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Japan’s Population Plummets

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Japan, a country known for its large population in comparison to land area, is making world news for the country’s population figures; it might not be what one would expect. The most recent census signifies that over a five year period, Japan has experienced a population decrease for the first time since 1920. This news should not come as a surprise since Japan’s population growth rate has been declining for years. The population of Japan now rests at 127.1 million, which is down 0.7 percent compared to the 2010 census.
Osaka, the second largest city in Japan, is among thirty-nine cities in the country that experienced a drop in population. Of Japan’s 1,719 municipalities, eighty-two percent experienced a population decrease, compared to seventy-seven percent of municipalities five years ago. Over the same time frame, the number of people per household dropped from 2.46 to 2.38. This figure barely fulfils the replacement rate requirement. Japan’s government projects that the population decrease could rise to a million per year, and estimates show that by 2060, the country’s population could be 87 million, with nearly half of the population over the age of sixty-five.
Japan is one of the fastest aging countries in the world. According to the U.S. Census Bureau, twenty-seven percent of the population is currently over the age of sixty-five. In addition, Japan has one of the lowest fertility rates in the world, causing the population to be more weighted towards the older generations. Therefore, since immigration does not play a major factor in maintaining the Japanese population level, demographics are likely to continue shrinking.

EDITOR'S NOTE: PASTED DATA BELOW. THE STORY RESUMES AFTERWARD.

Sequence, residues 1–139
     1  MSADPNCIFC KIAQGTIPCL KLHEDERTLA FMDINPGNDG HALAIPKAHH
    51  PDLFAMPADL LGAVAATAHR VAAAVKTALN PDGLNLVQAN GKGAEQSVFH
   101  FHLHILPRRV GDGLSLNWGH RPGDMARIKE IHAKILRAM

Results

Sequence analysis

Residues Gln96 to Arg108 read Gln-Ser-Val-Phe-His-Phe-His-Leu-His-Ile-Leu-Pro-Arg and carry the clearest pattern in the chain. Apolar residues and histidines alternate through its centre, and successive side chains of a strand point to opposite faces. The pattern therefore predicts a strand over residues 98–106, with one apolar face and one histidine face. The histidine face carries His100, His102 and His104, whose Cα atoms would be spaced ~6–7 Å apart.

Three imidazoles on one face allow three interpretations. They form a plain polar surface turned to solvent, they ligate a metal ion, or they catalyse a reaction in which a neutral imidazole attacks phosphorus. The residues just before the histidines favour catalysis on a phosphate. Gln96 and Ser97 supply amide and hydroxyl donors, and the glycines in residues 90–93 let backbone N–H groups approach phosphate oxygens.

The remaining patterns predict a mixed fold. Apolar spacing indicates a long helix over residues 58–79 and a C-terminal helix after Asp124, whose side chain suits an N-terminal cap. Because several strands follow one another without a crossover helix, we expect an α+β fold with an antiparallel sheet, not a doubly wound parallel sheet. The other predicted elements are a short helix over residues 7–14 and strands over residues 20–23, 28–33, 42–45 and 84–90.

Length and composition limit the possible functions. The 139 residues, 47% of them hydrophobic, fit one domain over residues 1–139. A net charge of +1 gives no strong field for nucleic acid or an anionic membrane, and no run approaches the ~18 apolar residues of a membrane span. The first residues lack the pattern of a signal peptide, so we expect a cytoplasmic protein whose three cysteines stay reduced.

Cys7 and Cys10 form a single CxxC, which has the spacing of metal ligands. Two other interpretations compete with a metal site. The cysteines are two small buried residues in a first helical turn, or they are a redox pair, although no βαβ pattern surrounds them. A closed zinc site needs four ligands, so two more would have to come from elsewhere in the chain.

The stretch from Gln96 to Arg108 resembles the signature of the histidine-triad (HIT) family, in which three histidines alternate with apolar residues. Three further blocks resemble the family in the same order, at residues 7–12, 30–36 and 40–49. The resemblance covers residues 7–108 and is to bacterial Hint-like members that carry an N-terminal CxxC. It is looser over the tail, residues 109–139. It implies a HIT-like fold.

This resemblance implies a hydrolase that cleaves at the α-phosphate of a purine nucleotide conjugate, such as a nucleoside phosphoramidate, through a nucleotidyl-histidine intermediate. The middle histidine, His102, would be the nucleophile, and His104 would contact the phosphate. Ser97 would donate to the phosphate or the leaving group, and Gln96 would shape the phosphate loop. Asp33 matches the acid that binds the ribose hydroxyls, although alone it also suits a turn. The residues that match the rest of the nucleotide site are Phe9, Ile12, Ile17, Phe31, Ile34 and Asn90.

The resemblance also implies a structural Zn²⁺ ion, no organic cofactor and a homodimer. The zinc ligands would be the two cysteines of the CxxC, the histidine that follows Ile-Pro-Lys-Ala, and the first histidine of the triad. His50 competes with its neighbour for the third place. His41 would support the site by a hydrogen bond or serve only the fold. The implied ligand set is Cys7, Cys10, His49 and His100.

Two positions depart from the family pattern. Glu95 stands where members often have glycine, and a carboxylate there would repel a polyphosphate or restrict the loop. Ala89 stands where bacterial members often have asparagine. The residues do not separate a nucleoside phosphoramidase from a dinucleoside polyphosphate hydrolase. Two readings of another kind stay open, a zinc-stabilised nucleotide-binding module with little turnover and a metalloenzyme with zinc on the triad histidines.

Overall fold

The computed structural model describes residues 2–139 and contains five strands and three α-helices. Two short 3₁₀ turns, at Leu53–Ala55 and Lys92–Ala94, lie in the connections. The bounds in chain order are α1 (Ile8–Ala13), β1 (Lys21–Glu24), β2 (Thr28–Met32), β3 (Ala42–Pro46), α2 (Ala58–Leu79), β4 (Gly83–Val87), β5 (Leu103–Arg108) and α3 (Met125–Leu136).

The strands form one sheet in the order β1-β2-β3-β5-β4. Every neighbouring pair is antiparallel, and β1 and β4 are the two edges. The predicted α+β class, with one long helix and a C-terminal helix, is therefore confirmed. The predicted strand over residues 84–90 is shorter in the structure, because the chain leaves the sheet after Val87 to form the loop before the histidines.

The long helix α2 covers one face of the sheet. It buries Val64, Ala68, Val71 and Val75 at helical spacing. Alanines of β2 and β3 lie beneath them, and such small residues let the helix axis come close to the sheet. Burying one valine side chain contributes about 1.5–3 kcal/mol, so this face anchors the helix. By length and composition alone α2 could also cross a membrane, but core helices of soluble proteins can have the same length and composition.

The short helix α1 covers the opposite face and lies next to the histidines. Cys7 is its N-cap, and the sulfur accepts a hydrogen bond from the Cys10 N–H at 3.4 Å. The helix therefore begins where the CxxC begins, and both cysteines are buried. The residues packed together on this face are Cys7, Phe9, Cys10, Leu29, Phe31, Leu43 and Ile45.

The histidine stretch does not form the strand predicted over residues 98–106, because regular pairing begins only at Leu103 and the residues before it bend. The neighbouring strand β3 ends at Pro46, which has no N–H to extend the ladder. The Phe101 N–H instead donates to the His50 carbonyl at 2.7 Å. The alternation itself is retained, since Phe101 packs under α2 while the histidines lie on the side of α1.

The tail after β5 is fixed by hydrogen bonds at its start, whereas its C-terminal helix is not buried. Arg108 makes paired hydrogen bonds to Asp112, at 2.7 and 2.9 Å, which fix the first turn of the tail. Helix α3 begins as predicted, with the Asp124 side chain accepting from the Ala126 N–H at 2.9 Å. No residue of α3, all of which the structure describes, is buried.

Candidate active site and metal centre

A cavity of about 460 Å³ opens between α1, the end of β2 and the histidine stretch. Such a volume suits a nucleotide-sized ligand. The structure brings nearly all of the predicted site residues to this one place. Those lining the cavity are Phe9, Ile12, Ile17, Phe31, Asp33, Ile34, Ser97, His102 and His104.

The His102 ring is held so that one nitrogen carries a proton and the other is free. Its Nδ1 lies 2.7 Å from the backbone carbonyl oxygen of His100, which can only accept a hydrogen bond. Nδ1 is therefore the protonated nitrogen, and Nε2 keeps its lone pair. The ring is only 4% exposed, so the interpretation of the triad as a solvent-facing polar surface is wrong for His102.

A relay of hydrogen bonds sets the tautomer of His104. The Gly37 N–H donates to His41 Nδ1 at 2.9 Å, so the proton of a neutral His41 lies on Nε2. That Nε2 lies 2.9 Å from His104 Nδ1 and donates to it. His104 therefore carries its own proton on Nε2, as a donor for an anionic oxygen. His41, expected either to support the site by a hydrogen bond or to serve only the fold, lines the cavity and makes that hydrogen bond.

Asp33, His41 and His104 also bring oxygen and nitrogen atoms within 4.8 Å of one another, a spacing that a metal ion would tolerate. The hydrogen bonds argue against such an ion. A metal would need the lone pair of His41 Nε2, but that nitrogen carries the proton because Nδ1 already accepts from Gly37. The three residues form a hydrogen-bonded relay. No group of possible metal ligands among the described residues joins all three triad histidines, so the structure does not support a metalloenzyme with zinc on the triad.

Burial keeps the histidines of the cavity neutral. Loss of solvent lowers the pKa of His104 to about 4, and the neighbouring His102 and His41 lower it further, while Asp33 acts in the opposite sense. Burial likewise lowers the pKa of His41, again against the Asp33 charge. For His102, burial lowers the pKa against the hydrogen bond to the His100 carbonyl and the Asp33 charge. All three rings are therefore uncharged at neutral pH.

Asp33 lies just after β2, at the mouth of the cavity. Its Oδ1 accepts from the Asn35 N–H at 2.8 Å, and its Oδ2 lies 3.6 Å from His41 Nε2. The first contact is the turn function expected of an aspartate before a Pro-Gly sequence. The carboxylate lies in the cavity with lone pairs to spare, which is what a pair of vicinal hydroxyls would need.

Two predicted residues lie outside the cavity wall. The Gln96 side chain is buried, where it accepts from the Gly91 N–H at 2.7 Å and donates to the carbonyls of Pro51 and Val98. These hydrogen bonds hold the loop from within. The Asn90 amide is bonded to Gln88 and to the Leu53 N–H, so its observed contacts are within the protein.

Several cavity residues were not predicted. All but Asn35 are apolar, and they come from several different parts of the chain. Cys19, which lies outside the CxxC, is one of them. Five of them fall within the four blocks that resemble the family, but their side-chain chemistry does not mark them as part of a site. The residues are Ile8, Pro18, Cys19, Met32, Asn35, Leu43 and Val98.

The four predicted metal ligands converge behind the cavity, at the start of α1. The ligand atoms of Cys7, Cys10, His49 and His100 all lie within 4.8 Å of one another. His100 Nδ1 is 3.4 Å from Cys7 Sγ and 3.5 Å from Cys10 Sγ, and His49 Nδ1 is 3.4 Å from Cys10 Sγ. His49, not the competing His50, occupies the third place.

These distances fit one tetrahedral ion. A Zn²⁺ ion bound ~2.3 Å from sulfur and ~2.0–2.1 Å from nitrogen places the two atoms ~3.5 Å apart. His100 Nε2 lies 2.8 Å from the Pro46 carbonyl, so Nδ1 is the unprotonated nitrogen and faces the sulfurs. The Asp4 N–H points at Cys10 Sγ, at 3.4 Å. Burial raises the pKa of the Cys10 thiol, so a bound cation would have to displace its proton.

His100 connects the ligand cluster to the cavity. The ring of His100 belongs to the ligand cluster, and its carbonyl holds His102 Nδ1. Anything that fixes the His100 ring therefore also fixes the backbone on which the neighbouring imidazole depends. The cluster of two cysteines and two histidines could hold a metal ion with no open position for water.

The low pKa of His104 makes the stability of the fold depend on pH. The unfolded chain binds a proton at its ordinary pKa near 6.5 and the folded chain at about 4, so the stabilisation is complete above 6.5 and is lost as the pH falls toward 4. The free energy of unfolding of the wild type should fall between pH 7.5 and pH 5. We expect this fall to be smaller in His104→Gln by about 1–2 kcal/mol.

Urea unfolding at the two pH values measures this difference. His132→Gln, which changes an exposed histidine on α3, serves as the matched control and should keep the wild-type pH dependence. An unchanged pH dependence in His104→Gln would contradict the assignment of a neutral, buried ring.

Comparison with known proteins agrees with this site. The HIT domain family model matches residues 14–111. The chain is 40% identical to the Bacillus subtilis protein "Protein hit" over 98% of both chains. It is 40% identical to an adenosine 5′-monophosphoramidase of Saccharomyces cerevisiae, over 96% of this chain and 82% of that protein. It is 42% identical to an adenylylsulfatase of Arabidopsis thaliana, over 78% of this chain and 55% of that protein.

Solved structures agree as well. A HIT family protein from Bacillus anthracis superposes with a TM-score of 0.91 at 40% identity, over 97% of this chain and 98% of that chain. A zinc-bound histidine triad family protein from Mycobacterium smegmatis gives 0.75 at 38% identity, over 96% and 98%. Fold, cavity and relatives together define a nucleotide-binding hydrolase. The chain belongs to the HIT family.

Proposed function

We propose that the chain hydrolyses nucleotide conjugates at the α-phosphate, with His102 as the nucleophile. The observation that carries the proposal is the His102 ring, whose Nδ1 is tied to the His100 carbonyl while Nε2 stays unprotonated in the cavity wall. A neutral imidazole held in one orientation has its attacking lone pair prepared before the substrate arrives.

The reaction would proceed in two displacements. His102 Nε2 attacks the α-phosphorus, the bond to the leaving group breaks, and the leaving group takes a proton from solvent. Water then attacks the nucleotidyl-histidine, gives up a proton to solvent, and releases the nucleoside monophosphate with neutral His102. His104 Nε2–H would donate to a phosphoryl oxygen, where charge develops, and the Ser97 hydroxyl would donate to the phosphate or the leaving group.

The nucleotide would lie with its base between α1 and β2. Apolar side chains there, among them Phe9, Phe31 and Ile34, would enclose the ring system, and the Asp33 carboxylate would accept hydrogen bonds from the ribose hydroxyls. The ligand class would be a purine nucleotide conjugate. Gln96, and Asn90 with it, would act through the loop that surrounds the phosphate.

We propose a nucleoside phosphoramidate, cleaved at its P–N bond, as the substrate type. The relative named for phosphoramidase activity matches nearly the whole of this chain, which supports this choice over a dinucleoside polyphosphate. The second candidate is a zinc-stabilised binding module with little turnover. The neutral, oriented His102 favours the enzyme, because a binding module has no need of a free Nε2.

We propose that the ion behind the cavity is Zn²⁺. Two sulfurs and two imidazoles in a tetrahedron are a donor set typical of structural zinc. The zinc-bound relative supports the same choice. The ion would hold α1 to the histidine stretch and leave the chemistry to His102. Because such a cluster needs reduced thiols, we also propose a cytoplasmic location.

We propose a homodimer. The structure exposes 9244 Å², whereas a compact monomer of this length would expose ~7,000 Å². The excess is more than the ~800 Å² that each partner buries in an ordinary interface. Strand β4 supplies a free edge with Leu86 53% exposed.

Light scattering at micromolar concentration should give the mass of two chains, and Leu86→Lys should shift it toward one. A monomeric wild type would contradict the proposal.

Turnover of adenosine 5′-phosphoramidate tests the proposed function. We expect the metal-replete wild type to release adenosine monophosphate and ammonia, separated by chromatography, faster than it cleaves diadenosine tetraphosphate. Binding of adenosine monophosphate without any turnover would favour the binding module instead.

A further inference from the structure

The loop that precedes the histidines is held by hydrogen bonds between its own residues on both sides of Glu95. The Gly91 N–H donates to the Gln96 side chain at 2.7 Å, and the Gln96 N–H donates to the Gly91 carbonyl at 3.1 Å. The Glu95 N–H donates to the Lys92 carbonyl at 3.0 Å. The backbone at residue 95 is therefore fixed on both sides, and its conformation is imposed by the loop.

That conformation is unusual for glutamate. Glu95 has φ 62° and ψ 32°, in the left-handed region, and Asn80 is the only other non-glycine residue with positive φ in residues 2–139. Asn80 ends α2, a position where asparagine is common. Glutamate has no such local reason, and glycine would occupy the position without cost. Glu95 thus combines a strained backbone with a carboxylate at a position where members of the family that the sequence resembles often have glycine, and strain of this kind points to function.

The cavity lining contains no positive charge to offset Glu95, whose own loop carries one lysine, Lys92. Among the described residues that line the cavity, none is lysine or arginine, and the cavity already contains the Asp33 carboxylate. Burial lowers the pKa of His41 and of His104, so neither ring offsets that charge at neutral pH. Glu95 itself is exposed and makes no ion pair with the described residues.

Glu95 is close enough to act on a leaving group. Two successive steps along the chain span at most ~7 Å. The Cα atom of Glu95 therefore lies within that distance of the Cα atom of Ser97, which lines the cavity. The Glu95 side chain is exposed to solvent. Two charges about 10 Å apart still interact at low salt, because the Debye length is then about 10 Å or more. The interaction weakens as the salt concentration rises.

Another major force causing Japan’s population woes, are the reduced number of marriages in the country. A large group of young men have been secluding themselves from the general population by finding other hobbies to take up their time. This results in fewer marriages, which then leads to a lower birthrate since out-of-wedlock births are rare. The decreased number of marriages could also be a result of cultural barriers. Through much of Japan’s history up until the 1970’s, arranged marriages composed a large portion of Japan’s marriages. Now that arranged marriages are less common, much of the population is struggling to meet new people. Money also plays a role in the population decrease. Since the 1990’s, wages in Japan have been falling. Since then the costs of housing have skyrocketed, this prompts single men not to jump into marriage until they feel financially secure.
For these reasons, Japan’s population will likely continue to decrease for years to come. Stopping the population numbers from falling will not be an easy task, but Prime Minister of Japan, Shinzo Abe, says that he has some plans in the works. Whether they will work is left to be seen, but this story will be in the spotlight for years to come.

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Japan’s Population Plummets